A basic element of learning any language is knowing how to compare items. Comparatives and superlatives may seem slightly more complex in English than in Portuguese but nonetheless, they have quite clear rules which are not too difficult to master. First, let’s look at some examples:
a. Mexico City is bigger than London. (A Cidade do México é maior do que Londres, comparativo)
b. London is more expensive than Mexico City. (Londres é mais cara do que a Cidade do México, comparativo)
c. Madrid is the biggest city in Spain. (Madrid é a maior cidade de Espanha, superlativo)
d. Paris is the most beautiful city in the world. (Paris é a cidade mais bonita do mundo, superlativo)
When do you use this grammar point?
Comparatives and superlatives are types of adjectives. As you may remember from our recent overview of English grammar, an adjective is a word that describes a noun (e.g. a tall building). When we want to compare this noun to other nouns, we need to use comparatives and superlatives. To use a comparative, we need to be talking about two or more nouns and comparing them to each other in order to decide which is better, taller, more interesting, etc. (see sentences a and b above). Conversely, we use a superlative to select just one noun from a group because it is the best, the tallest, the most interesting, etc. (see sentences c and d above).
What are the rules for the structure?
The formation of the comparative and the superlative depends on the number of syllables in the base adjective.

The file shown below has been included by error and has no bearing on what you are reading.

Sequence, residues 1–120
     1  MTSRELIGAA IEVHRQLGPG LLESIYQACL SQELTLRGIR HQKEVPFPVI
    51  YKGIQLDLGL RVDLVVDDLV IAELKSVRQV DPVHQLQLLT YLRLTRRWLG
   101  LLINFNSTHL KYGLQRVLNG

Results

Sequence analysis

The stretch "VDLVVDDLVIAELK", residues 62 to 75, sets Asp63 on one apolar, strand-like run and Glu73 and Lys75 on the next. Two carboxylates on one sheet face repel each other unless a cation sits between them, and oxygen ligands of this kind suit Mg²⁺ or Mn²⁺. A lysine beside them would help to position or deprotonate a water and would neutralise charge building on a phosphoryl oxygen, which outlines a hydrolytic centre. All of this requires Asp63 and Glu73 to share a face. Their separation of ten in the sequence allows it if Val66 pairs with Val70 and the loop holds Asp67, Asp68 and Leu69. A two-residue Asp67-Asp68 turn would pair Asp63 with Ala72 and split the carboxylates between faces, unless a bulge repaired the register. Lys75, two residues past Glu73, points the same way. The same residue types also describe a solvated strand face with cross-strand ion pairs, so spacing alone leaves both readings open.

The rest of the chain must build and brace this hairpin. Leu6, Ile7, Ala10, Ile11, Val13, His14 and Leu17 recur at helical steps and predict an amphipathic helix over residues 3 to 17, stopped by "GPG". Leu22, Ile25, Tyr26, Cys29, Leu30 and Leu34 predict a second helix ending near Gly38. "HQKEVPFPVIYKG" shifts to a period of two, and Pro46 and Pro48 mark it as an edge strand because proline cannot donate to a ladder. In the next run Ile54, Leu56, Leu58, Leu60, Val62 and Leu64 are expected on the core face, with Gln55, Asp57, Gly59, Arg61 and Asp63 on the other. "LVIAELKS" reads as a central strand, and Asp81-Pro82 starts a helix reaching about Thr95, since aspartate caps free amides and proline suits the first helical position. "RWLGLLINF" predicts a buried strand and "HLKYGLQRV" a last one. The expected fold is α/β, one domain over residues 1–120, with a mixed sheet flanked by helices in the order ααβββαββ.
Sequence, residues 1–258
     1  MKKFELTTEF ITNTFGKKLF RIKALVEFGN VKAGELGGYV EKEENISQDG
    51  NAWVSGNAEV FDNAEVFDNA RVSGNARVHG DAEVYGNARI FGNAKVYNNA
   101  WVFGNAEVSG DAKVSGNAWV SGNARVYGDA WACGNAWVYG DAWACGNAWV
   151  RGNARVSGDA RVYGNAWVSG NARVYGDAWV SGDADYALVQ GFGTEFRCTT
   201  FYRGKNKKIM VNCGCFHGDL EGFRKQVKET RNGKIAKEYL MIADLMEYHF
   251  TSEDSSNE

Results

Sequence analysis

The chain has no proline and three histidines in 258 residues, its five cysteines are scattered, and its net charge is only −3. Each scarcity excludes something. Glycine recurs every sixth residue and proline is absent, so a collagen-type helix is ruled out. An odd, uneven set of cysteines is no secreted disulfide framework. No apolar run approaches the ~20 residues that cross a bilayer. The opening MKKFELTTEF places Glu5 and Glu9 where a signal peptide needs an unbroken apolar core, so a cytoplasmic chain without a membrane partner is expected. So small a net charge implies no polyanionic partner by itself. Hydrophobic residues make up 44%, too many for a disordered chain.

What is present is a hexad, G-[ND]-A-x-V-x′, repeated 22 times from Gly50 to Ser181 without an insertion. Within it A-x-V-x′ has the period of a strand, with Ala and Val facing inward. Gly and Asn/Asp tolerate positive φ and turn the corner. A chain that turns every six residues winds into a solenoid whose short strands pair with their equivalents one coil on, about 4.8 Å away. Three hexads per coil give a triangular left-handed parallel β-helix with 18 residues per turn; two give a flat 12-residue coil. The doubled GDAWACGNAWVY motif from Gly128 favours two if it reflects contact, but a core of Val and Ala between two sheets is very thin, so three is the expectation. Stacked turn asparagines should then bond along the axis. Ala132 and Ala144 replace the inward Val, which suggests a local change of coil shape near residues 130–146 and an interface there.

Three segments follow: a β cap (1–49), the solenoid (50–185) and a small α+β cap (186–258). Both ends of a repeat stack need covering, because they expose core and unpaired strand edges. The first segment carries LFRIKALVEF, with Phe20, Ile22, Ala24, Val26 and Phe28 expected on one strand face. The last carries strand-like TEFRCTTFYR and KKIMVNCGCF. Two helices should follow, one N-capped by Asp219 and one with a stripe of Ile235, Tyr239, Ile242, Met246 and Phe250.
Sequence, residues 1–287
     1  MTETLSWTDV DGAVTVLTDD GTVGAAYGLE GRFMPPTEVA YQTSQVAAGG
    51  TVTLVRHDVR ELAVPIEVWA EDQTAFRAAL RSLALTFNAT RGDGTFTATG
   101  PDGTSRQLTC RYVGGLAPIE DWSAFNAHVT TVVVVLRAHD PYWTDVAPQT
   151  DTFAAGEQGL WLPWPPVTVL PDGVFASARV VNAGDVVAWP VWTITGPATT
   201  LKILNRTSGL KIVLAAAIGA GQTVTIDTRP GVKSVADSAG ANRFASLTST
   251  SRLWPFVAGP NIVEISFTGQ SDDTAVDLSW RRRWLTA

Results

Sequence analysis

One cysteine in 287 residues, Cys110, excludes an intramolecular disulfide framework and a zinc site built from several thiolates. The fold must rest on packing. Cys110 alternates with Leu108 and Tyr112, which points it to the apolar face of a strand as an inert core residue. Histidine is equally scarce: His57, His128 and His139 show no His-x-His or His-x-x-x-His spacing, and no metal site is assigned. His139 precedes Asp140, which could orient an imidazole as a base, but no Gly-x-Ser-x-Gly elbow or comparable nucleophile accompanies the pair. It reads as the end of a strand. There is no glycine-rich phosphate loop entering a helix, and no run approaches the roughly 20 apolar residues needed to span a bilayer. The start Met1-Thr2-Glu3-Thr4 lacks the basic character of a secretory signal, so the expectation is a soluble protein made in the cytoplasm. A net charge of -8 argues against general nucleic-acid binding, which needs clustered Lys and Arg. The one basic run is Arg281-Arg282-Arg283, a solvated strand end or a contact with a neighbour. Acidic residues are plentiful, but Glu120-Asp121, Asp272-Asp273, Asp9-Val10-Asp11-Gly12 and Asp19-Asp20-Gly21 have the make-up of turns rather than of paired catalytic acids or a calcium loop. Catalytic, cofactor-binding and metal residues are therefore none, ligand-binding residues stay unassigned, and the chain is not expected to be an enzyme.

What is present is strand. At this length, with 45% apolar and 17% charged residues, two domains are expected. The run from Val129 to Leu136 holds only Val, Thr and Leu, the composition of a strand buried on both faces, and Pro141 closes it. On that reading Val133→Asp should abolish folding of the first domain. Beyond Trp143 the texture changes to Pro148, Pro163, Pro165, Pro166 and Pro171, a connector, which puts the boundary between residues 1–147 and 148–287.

While the table above shows the basic rules for comparatives and superlatives, remember to be careful with spelling rules when you’re writing. For example, for Type 1 adjectives which end in consonant + vowel + consonant, remember that you need to double the final consonant
- thin → thinner than / the thinnest
magro → mais magro do que / o mais magro
Find more information about spelling rules and other features of comparatives and superlatives.
Exceptions and variations
While the above rules are true for the vast majority of adjectives, there are a small number of special adjectives which have irregular forms. The three most common exceptions are:
(* ter em conta que com o adjetivo "far" são possíveis as formas "farther than" e "the farthest").
Apart from comparative and superlative structures, it is also common to compare items using the grammatical structure: as + adjective + as. This is an easy structure for lusophones to remember as it translates almost directly as "tão + adjective + como".
- Affirmative sentence:
Rebecca is as tall as her sister
A Rebecca é tão alta como a irmã
- Negative sentence:
Kourtney Kardashian is not as famous as Kim Kardashian.
A Kourtney Kardashian não é tão famosa como a Kim Kardashian
(For negative sentences, it is also possible to use the structure “not so + adjective + as”.)
If you want to emphasise the difference between different items, it’s possible to use certain words before the comparative structure. The most common words for emphasis are “much”, “far”, or colloquially “way”.
- Game of Thrones is much more popular than The Crown
A Guerra dos Tronos é muito mais popular do que The Crown